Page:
Tax Woes Threaten TIAA-CREF Customers

 
 
By Renee Boucher Ferguson  |  Posted 2006-01-23
 
 
 

Tax Woes Threaten TIAA-CREF Customers


With tax season gearing up to full throttle, TIAA-CREF customers straddling the 2005 to 2006 tax seasons are facing some potentially costly consequences due to information system snafus at the mutual fund giant.

Because of problems with Open Plan Solutions and other IT system issues at TIAA-CREF (Teachers Insurance and Annuity Association—College Retirement Equities Fund), reported previously by eWEEK, some pensioners who requested fund rollovers or disbursements in 2005 but did not actually receive payments until 2006—if theyve received them at all—are facing increased taxes, fees and penalties, sources said.

Internal Revenue Service regulations require TIAA-CREF to report payments in the year they are actually processed by the company. The problem is that while TIAA-CREFs systems may have reported payments in 2005, some participants did not actually receive funds—and therefore taxable income—until 2006.

At the same time, because the IRS stipulates that pensioners must receive a minimum distribution amount from their accounts each year, customers who did not receive that minimum are being penalized by the IRS, sources said.

Customers are being told that the Individual Retirement Account and pension processing cut-off dates were moved to Dec. 24, 2005; any forms received after that are being processed on a "best efforts" basis for this past year, according to sources.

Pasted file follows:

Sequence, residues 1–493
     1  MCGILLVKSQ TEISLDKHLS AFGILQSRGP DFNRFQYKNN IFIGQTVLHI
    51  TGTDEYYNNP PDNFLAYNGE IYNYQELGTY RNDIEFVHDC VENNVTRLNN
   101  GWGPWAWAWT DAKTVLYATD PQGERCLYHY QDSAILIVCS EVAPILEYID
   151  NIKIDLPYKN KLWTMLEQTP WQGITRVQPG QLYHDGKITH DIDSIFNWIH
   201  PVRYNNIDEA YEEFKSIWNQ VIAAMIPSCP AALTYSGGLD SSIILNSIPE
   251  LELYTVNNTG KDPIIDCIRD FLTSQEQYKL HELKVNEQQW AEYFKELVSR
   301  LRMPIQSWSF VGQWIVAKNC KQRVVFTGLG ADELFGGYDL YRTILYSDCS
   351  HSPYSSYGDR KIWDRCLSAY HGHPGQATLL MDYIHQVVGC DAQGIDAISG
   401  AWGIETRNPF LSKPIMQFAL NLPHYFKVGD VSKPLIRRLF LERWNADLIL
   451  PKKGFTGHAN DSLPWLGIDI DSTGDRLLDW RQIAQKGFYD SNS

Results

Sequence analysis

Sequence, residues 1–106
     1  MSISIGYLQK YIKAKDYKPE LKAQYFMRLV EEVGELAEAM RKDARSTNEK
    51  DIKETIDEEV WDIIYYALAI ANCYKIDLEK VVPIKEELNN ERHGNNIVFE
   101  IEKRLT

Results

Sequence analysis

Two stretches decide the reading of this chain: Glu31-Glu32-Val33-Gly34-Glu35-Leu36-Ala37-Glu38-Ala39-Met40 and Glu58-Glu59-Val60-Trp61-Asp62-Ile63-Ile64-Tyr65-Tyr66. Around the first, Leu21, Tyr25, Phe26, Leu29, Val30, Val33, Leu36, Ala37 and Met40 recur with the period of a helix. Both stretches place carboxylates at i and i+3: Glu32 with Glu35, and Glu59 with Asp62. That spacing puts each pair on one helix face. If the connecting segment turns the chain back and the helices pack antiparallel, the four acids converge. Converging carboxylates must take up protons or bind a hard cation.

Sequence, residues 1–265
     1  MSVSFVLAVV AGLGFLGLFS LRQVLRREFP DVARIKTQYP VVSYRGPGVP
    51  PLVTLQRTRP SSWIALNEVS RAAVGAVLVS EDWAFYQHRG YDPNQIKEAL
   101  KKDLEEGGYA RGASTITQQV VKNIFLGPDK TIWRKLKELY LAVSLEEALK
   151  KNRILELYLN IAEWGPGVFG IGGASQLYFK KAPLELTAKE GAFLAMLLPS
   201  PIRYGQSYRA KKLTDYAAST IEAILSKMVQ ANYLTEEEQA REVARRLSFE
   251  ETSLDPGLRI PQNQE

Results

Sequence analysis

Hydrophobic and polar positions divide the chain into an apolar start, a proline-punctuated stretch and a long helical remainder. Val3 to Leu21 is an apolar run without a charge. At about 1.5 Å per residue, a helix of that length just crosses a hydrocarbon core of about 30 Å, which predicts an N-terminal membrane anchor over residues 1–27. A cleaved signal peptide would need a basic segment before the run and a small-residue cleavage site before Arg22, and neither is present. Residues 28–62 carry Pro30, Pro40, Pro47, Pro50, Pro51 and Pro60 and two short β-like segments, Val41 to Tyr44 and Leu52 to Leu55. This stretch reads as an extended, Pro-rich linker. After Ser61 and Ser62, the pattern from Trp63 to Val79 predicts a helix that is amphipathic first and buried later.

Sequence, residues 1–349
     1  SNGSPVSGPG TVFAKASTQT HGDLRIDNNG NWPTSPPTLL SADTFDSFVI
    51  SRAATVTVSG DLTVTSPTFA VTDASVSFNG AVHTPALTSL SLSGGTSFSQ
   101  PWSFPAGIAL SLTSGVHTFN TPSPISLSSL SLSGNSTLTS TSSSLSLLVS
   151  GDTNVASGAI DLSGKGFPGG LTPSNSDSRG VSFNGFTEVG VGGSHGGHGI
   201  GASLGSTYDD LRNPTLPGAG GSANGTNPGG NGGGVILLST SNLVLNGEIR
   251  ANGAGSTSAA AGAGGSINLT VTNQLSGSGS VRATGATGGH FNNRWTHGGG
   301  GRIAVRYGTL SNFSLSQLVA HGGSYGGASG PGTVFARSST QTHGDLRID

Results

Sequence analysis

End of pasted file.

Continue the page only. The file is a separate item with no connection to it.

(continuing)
Pensioners wont know until months end, when the 2005 tax forms are mailed out, exactly whats been reported for the year.

Separately, some tax withholding information on customers SWAT [Systematic Withdraws and Transfers], Lump Sum and MDO [Minimum Distribution Option] payments were calculated incorrectly by TIAA-CREF, and some rollover checks have not yet been applied to IRA accounts, sources said, increasing tax woes for pensioners.

Click here to read about how a platform upgrade is causing problems for TIAA-CREF.

TIAA-CREF call center consultants are instructed to inform customers that they should consult a tax advisor to determine if a change in the withholding statement is necessary; should they require TIAA-CREF to make a change in its documentation, however, the request will require "reprocessing the case," according to sources—a potentially lengthy process that compounds already frustrated efforts.

Meanwhile, those customers who receive interest-only payments are getting checks that are written for half the amount theyre expecting, since TIAA-CREF has split those payments between its old, legacy IT systems and the newer Open Plan Solutions platform, sources said.

TIAA-CREFs call center agents are being instructed to tell callers that the company will review issues on a case-by-case basis, and reimburse customers for "reasonable" accountant fees or penalties. The company will not, however, pay increased taxes on a distribution—though they will review the situation if a customer claims they have an increased tax bill for 2006, sources said.